I read something online one time that helped me out during the time of my panic episodes. The person wrote something that went like this, "When faced with a panic attack, try to remind yourself that you will be fine once it is over. Remember that it will pass and you will be ok. Once the attack is over, you will be standing there alive just like you were before. You will be fine.''

    Thank you for sharing your experience,

    Michael T. McComb

    (P.S.- The pros say this stems from the fight or flight part of the primitive brain that goes out of wack for some unknown reason, or at least that's what I've heard. Does anyone know if there is new information out there as to what might cause this? Any new research or new findings? Thanks.)

  • Priscilla Warner

    Thank you for this piece, and for all of your writing. When I experienced my first panic attack 40 years ago, the word panic attack didn't exist. I thought I was dying. Now I am here to tell the tale and try to help people. There are so many resources out there and I thank you for this one...I have some on my blog, where you can follow my progress as I try to meditate my way from panic to peace:


  • Steve Pavilanis

    Priscilla - I too have found meditation to be a wonderful relaxing and life-changing practice, and I encourage others to experiment with it as well.

    Michael - Oh how I can relate to your post! I can't tell you how many times I ended up in the emergency room enduring tests only to find out it was "stress and anxiety" as the doctors put it. I'm glad you have overcome your struggles naturally, as I've found medication only really treats the symptoms, not the causes of anxiety.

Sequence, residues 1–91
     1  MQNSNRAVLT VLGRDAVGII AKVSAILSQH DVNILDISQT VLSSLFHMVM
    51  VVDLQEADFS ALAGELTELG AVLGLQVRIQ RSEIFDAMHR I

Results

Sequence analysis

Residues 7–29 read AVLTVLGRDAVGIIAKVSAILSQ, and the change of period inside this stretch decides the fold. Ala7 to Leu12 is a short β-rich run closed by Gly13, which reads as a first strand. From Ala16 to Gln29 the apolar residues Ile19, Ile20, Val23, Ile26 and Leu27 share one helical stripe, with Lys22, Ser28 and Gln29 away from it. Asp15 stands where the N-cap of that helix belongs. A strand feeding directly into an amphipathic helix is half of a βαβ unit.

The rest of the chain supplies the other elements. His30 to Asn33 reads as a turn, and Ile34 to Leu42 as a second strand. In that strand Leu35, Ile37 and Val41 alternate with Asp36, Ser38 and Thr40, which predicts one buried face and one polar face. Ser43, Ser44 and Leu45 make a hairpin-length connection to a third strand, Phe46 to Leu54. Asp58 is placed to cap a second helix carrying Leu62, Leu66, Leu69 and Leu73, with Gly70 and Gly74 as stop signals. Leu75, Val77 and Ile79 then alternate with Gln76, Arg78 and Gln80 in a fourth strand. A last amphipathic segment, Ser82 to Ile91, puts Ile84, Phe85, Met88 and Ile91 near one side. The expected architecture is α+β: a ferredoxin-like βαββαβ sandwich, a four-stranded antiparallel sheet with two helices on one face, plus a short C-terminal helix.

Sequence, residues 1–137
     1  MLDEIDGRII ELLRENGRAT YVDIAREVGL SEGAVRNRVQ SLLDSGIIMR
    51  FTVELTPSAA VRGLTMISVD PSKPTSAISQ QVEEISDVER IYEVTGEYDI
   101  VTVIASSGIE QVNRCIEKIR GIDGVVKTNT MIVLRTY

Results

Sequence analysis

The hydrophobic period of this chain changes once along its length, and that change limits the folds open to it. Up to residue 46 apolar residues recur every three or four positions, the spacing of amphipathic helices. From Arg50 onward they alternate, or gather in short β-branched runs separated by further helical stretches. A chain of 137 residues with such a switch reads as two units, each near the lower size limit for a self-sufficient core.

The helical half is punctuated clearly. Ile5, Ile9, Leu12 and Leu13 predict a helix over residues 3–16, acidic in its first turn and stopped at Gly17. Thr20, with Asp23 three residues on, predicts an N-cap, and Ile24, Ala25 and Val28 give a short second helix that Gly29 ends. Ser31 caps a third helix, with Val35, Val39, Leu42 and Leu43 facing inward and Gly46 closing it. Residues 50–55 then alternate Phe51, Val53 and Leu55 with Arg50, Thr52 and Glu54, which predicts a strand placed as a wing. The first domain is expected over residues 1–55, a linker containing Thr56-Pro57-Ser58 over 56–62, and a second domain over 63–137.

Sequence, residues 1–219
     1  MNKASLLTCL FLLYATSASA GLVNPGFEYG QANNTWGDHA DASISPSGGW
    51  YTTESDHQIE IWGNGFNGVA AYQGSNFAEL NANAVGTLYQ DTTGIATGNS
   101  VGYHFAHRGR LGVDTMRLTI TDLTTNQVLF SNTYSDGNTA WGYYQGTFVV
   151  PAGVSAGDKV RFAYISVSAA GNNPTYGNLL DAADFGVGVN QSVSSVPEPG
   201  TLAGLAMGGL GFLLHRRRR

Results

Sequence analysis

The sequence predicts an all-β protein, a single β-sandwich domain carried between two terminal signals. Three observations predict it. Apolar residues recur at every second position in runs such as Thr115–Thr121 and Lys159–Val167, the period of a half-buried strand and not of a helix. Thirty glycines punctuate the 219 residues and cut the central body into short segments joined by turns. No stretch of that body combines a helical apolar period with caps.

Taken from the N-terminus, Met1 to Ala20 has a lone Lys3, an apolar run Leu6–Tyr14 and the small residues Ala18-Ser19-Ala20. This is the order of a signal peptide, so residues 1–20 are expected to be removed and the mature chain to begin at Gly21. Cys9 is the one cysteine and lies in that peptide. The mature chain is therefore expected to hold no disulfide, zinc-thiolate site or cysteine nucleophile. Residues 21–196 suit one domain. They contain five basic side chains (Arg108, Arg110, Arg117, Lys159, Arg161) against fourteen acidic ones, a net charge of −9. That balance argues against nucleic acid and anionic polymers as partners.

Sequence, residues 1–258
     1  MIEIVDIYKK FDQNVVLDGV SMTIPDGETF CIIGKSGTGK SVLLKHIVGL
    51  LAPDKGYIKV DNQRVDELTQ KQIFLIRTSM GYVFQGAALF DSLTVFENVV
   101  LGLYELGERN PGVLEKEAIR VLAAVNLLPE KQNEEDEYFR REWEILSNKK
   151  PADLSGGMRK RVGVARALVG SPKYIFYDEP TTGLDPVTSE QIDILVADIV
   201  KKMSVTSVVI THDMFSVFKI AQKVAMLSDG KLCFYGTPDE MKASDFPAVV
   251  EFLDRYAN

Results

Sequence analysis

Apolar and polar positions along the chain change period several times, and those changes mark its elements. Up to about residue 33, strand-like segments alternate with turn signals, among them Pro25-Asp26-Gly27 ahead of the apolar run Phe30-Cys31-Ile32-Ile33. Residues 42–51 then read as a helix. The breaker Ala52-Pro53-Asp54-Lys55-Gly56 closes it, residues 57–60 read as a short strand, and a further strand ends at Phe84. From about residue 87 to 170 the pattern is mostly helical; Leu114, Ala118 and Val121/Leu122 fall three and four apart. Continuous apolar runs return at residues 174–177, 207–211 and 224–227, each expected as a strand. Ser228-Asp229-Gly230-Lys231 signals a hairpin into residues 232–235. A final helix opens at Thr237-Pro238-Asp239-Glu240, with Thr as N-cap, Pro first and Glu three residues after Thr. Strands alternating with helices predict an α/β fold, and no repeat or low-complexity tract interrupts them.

Steve Pavilanis

  • Telephone Panic

    I empathize. It's seriously a feeling of sheer terror that escalates with every little physiological or cognitive symptom. They're so difficult to deal with -- especially when you're out in public and you perceive escape to be difficult or embarrassing. The frequency of my panic attacks goes through cycles, but lately, I've been having at least a mild one every single day at work.

    So, I started a weird little self-therapy project at http://www.telephonepanic.com. I set up a blog that allows me to made voice posts by phone. Every time I have a panic attack, I call & describe the situation. I let the listener hear my out-of-breath state. I describe the discomfort of my heartbeat. I describe my surroundings and my behaviors.

    I'm hoping that the blog will serve not only as a tracking mechanism & archive for myself, but also as a source of help for others. Plenty of people TALK about their panic attacks here on the internet (after the fact) for therapeutic purposes, but it's hard to find accurate accounts of the "panic moment", as I call it. There are probably plenty of people out there who are scared by the irrational thoughts & behaviors they experience in the midst of panic -- so, hopefully, my blog entries will help people to realize that they're not alone.

    And of course, my goal is for all of my panic attacks to end & for my website to fade away into nothingness.

    I'm following you on Twitter -- keep in touch! :)

  • ajmer

    Homoeopathy is simply unparallel in curing anxiety and panic related problems. i have cure hundreds of unfortunates suffering from actute attacks as you have narrated

  • Justin

    I remember that doom feeling so well. It used to come on so rapidly and I felt very powerless to change how I was feeling. I remember I'd feel short of breath and my heart was racing rapidly.

    Glad I don't have those anymore.